Simon Says

Bringing clarity to the inner workings of our legal system

6 Things to know about escorted temporary absences (ETAs)

Offenders serving sentences in federal institutions are eligible for “escorted temporary absences” (ETAs).

  1. What are ETAs?

ETAs are one of three forms of temporary absence available to inmates (the others are unescorted temporary absences and work release).

On ETAs, inmates are allowed to leave the institution (alone or as part of a group) accompanied by correctional staff.

ETAs can be granted for medical, administrative, community service, family contact, parental responsibility, personal development for rehabilitation, or compassionate reasons.

  1. Who is eligible?

Medical ETAs may be granted at any time in an inmate’s sentence.

Other types of ETAs can generally be granted at any time, except for inmates who are detained and only eligible for medical or administrative ETAs.

  1. What is the process for getting ETAs?

An inmate must complete an Application for Temporary Absence and submit that form to his or her Parole Officer. The Parole Officer will then review the application, discuss the proposed temporary absence with the inmate, complete any necessary Community Assessments or other documents, and prepare an Assessment for Decision (in which the Parole Officer will make a recommendation to approve or deny the ETA).

Others may also provide recommendations to the decision-maker, such as the Manager, Assessment and Interventions and Correctional Managers.

For most offenders, Correctional Service Canada (“CSC”) is the “granting authority” and the Warden will decide if the ETA should be granted.

However, for inmates serving a life sentence imposed as life minimum, the Parole Board of Canada may have to approve or authorize ETAs (except ETAs for medical purposes or court attendances). Similarly, if an ETA approved by a Warden was cancelled because the offender breached a condition, then subsequent ETAs (except ETAs for medical purposes or court attendances) may be authorized by the Board.

The Board or CSC can impose any conditions that it considers reasonable and necessary to protect society.

  1. What is the criteria for granting ETAs?

ETAs may be granted where decision-maker finds that the inmate will not, by re-offending, present an undue risk to society while on the ETA.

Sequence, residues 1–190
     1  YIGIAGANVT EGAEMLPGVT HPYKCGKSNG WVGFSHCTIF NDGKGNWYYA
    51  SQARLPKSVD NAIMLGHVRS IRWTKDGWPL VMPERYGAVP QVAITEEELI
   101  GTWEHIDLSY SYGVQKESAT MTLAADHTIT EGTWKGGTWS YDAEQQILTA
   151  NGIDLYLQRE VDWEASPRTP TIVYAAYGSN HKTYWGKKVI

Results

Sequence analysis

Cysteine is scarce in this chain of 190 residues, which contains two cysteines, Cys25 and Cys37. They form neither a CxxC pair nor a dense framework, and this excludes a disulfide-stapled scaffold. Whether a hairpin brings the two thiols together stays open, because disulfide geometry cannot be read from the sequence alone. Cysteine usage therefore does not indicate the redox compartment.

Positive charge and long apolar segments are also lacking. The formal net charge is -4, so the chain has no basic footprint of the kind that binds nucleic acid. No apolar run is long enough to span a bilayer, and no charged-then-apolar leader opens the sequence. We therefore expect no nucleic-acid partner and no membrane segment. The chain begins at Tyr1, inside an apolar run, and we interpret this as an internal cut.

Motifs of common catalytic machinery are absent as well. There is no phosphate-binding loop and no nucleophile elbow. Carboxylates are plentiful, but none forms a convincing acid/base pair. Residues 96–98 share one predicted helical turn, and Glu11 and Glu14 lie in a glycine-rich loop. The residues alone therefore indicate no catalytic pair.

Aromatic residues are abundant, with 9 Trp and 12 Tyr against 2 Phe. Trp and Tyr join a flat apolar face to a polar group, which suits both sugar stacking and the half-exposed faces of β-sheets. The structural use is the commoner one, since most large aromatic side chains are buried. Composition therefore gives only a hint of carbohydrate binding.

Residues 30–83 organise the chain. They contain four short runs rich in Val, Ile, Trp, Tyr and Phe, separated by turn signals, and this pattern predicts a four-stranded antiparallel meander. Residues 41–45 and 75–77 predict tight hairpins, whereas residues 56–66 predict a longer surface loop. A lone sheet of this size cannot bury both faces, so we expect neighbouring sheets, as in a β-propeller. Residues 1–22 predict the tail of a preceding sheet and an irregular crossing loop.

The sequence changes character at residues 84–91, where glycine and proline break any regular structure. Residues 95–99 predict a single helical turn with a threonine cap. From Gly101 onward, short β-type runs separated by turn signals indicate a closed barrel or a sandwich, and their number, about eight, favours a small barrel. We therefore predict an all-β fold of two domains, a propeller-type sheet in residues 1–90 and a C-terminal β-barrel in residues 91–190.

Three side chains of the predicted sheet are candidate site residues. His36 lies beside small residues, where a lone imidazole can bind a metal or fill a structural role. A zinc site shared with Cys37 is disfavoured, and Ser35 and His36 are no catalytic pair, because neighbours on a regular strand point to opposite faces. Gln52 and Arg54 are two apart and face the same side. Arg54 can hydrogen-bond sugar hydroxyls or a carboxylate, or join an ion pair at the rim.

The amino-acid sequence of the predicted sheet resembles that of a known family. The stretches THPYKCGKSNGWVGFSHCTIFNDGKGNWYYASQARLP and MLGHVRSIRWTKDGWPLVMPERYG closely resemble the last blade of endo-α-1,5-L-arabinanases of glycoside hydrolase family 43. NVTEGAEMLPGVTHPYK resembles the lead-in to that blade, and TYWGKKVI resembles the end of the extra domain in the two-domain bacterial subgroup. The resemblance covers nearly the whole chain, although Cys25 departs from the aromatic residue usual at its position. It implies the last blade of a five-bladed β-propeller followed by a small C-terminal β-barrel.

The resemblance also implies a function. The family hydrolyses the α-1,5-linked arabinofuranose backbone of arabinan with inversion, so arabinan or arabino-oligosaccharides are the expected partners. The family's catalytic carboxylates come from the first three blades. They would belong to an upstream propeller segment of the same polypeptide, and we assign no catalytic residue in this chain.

The decision-maker must find that it is desirable for the inmate to be absent for one of the reasons for which the absence was granted, the inmate’s institutional behaviour does not preclude authorizing the absence, and a structured plan for the absence has been prepared.

  1. What is the duration of ETAs?

Except for medical ETAs, there are generally time limits on ETAs.

ETAs typically won’t don’t exceed 8 hours. But in special circumstances, the Warden can extend this time.

Non-medical ETAs may be granted by the Warden for up to five days, or for up to 15 days with the Regional Deputy Commissioner’s approval.

The Board can grant ETAs for up to 15 days.

  1. How long does it take to get ETAs?

Once an application is received, the Assessment for Decision must be prepared within 30 days (if no Community Assessment or Community Strategy is required) or 60 days (if either or both documents are required).

Where CSC is the granting authority, the Warden has to make a decision to grant or deny the ETAs within 10 days of the completion of the Assessment for Decision. Timelines for the Board to make a decision are less clear.

If an ETA is denied, then inmates generally need to wait 6 months before a new application will be considered (except ETAs for medical or compassionate reasons).

Past performance is not indicative of future results, and outcomes will vary according to the facts of individual cases. This site is intended for information purposes only. None of the information on this site should be considered “legal advice.” Information on this website (including blog posts and answers to frequently asked questions) is the opinion of the author only and is not warrantied or guaranteed to be an exhaustive, definitive, or accurate statement of the law. The proper interpretation and application of the law must always be done on a case specific basis; therefore, you should not rely on the general information on this site as a substitute for proper legal research or the advice of a licenced lawyer.